income
Deputy governor of the Reserve Bank of Australia Guy Debelle (Image: AAP/Kelly Barnes)

Did you hear the news? The Reserve Bank has “indicated the recession is over“, according to News Corp. Kerry Stokes’ The West Australian confirms that — “Recession over, says Reserve Bank” — and Stokes’ Seven News repeated the claim, as did Sky News.

With so many media outlets saying it, surely it must be true? Well you won’t believe this, but just because the government’s main news media propagandists say something is true doesn’t mean it is.

RBA deputy governor Guy Debelle in fact told Senate estimates yesterday that its best guess was that the September quarter GDP result would be “positive growth rather than slightly negative”.

A small positive result won’t make up for the large-scale collapse in the economy in the June quarter and won’t make a jot of difference to the growing number of jobless. But the reason why the RBA thinks that we’ll fall into positive territory in July, August and September is more interesting.

“As best as we can tell, the growth elsewhere in the country was more than the drag from Victoria,” Debelle said, “and possibly the drag from Victoria was a little less than what we guessed back in August.”

That doesn’t fit at all with the narrative run by the government and its media friends that Premier Daniel Andrews was going to destroy the national economy with his Melbourne lockdown. His “lockdown will punch a massive hole in Australia’s economy”, claimed Liberal Party-controlled Nine back in August.

The Australian’s Dennis Shanahan — who has still never explained or apologised for his absurd claim that Victoria would suffer weeks of case numbers exceeding 1000 a day — told Sky News that Australia “will have to carry the cost of Victoria for years to come”. (No mention of the tens of millions of borrowed money the government gifted to News Corp, the cost of which taxpayers will also carry for years to come.)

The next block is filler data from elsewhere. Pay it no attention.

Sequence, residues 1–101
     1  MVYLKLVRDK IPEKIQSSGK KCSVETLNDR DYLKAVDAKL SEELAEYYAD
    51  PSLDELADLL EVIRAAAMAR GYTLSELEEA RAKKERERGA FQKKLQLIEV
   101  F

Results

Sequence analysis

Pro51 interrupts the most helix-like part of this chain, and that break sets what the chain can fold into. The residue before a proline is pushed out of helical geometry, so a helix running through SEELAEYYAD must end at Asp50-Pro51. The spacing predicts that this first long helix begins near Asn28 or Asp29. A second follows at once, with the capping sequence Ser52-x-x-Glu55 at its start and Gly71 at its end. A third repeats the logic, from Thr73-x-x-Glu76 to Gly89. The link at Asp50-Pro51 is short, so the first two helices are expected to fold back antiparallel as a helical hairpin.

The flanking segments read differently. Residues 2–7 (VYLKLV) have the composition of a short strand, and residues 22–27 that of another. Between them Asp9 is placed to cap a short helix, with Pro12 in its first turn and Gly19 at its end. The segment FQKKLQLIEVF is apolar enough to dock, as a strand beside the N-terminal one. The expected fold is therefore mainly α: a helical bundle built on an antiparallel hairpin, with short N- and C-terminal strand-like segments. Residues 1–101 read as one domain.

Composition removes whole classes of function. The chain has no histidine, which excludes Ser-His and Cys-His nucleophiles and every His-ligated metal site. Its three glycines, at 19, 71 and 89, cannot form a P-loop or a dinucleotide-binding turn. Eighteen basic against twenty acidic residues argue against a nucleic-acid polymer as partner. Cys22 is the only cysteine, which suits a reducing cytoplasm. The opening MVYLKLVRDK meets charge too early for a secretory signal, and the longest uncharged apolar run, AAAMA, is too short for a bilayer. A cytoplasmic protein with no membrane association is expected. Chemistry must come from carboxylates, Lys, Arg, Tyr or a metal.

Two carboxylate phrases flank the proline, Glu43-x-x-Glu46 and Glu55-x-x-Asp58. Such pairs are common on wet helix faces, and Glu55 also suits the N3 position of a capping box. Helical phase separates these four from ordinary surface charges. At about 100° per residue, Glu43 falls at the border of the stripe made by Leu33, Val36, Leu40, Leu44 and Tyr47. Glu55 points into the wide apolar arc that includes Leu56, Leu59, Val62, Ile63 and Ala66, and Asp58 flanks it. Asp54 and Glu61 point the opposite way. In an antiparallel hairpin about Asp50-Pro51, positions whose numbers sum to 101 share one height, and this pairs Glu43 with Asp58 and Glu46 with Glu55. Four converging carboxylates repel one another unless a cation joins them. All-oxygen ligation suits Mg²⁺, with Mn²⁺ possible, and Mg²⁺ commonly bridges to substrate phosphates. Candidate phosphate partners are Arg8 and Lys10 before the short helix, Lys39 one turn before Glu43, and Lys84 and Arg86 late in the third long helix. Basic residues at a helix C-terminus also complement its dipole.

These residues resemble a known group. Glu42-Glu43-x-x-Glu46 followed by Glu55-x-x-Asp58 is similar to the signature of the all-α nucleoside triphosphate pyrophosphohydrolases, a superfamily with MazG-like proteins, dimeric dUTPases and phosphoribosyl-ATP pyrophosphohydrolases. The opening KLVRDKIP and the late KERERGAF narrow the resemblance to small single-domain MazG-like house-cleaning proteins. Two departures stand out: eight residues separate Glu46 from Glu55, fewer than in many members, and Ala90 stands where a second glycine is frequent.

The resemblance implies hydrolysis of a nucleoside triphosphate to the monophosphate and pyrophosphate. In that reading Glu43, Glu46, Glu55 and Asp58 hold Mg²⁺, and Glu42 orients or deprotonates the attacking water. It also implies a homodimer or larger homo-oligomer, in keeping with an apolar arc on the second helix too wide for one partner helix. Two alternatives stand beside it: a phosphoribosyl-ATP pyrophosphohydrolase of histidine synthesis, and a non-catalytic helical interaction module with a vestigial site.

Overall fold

Echoing Cold War rhetoric, Prime Minister Scott Morrison declared Andrews’ lockdown would have a “domino effect” throughout the national economy, with “severe impacts”.

Will all those claims be retracted when it turns out the lockdown didn’t have the dramatic impact the government claimed?

The search for an easy headline — “Australia in recession!”, “Recession over!” — also obscures that the pandemic is dramatically changing the economy.

Take retail, which has undergone a remarkable shift online. The Australian Bureau of Statistics said the proportion of monthly sales held by online retailers rose to 11% in August, up from 6.4% in August last year.

Retailers such as Adairs, Temple & Webster, Kogan, Nick Scali, The Reject Shop, Premier Investments, Bapcor, Super Retail Group, Coles and Woolies, Metcash, Bunnings and even Myer have reported stronger than expected online sales growth this year.

In fact when Andrews announced the relaxation of the lockdown this week the share prices of those retailers that have done well (Temple & Webster, Adairs, Kogan, JB Hi-Fi) fell sharply.

The pandemic purged the long-held fear of Amazon arriving in Australia and destroying local incumbents, because Amazon is now just another of many online retailer here. Even Woolworths saw a surge in online grocery and food sales in 2019-20, selling $3.4 billion.

That rapidity of the shift online has helped soften the impact of lockdown in ways few would have expected and which seems beyond the grasp of media outlets looking for a simple story.

We won’t find out about the recession until December when the ABS releases the September quarter national accounts. But it will be a significantly different economy by then.

Peter Fray

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Peter Fray
Editor-in-chief of Crikey

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